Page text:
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    Thread: Noah And The Ark - Maybe There Is Hope For Still Believers

    1. #1
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      Noah And The Ark - Maybe There Is Hope For Still Believers

      Riight - because of the movie, which I didn't watch - and the media backlash - I came across the fact, that American Christians in especially have among them a considerable proportion of people, who take the bible's account of the great flood and Noah seriously.
      If you saw the movie and have an opinion - go ahead and tell us.

      There are many, many Noah rebuttals - but I enjoyed watching this short one:



      Sums it all up very nicely - it could not possibly have happened as described, if you base the story's aspects on how the world is known to work today - so there must have been major magic activity on God's side, if it is supposedly correct.
      And that is devoid of any sense whatsoever. But check yourself.

      Here we have something, religious people are bound to find offensive (upon second thought - goes for the above as well) - but it hits the nail of the ethical implications of the affair bang on the head - god as deeply unethical, genocidal maniac, who gets away with it.




      Concerning the argument against free speech, which goes along the "I feel deeply offended" tirade - very popular in religious people, but not only - I go with my maybe favourite humanist and atheist Stephen Fry:

      "You feel offended? So fucking what!?"

      Get your arguments out and behave like grown-ups - you have not been directly personally insulted in any legally relevant way - or even threatened - you simply do not like what you hear - wo/man up!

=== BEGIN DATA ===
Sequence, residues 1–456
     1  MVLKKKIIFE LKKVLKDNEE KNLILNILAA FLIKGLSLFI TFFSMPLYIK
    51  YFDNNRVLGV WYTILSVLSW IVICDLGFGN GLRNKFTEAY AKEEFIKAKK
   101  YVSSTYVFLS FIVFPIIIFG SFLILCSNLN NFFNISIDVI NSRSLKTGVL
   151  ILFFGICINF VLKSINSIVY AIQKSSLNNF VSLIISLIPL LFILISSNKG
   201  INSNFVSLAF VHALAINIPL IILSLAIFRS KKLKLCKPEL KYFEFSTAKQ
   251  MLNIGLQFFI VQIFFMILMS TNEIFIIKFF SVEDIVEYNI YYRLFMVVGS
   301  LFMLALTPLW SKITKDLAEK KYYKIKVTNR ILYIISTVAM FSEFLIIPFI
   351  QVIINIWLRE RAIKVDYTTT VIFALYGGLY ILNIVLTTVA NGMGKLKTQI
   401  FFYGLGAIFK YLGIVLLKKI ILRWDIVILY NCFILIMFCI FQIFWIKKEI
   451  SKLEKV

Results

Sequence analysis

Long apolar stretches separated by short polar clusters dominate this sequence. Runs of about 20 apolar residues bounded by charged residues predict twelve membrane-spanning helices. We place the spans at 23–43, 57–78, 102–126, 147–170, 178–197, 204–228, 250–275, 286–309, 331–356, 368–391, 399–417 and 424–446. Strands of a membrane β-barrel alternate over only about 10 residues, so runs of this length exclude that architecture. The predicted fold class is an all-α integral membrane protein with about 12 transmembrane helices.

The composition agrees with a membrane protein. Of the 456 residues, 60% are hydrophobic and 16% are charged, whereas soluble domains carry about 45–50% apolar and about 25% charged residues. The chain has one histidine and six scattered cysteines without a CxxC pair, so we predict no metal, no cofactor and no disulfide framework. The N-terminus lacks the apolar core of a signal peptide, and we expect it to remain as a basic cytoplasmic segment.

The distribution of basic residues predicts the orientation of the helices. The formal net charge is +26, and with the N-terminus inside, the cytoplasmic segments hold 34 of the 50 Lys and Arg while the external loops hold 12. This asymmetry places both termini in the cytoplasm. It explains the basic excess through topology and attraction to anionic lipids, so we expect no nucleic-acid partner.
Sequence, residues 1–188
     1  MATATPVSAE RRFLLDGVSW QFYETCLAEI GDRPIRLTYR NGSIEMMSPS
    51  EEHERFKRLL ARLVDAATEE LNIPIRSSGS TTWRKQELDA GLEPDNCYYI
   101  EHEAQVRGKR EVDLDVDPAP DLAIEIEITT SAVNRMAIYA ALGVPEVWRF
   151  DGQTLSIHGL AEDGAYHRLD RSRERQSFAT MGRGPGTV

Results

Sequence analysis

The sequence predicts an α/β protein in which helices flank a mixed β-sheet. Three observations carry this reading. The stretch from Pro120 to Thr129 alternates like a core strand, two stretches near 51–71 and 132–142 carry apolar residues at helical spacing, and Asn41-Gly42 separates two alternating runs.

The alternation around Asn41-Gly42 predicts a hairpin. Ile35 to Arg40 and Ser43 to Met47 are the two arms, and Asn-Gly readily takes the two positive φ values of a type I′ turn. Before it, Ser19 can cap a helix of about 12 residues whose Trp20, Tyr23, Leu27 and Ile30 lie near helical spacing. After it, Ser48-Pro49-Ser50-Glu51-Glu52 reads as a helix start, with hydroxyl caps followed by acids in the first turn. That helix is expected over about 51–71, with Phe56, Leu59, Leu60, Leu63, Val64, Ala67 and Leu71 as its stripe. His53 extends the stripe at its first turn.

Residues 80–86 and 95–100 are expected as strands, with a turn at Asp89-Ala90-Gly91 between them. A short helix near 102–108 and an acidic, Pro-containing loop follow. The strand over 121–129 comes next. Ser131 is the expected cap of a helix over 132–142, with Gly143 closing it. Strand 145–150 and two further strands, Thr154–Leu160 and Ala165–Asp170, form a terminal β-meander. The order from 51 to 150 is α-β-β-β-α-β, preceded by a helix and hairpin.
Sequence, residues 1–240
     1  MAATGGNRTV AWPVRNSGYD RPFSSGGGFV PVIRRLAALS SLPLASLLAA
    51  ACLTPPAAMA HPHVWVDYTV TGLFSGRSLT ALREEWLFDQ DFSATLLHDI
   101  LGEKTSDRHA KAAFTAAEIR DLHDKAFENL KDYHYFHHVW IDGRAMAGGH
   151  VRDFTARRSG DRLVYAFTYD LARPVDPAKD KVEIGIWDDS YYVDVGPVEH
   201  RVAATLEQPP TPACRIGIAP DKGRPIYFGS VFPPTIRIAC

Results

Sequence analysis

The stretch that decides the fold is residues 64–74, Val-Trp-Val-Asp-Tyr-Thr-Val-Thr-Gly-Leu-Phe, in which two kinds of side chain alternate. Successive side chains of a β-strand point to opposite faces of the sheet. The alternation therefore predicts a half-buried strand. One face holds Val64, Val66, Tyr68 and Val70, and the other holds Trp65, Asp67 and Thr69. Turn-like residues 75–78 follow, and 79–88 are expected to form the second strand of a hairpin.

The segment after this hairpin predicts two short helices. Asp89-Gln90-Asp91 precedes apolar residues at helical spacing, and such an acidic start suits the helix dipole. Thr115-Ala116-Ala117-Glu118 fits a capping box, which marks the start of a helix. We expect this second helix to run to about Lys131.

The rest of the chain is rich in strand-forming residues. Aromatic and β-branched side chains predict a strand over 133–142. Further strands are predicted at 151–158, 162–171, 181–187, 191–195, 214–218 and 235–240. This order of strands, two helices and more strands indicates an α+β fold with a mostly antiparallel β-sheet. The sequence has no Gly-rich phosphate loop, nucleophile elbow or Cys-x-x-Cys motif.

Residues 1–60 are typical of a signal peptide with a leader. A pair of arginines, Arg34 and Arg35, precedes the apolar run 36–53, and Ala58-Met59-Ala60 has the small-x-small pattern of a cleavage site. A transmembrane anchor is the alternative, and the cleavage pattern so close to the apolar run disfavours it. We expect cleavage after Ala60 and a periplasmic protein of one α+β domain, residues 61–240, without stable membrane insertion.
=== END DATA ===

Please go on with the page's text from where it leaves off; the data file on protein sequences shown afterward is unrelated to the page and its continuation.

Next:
Here we have a lengthy counter-example in approach - very soft, but not failing the mark anyway - rather the opposite.
      In February this year Bill Nye (the science guy) agreed to debate Ken Ham on his very own turf - the Creation Museum.
      Even people on his side largely agree, that Ham lost the debate. Some claiming, he would have pulled his punches out of Christian nicety.
      Weell - if somebody did pull punches - it was Nye.
      And I was a bit disappointed in that regard at times - I felt he could have more poignantly used esp. rebuttal time.
      But overall - that was a good tactic and I guess on purpose - unlike Dawkins would have done it - he left out pointing directly towards giving up all religion - he wanted to just get these Christians to not be much more deluded than the rest.
      In the name of progress, using science in order to innovate and keep America economically competitive. Dislodging out of heads things, most Christians view as metaphorical and - like Ham also seems to do with parts of the bible - poetic.
      He also keeps reminding people, that the bible has been written and translated and modified over centuries - that there are bound to be effects of mixing stuff up and misrepresentation of the maybe original stuff telling another story.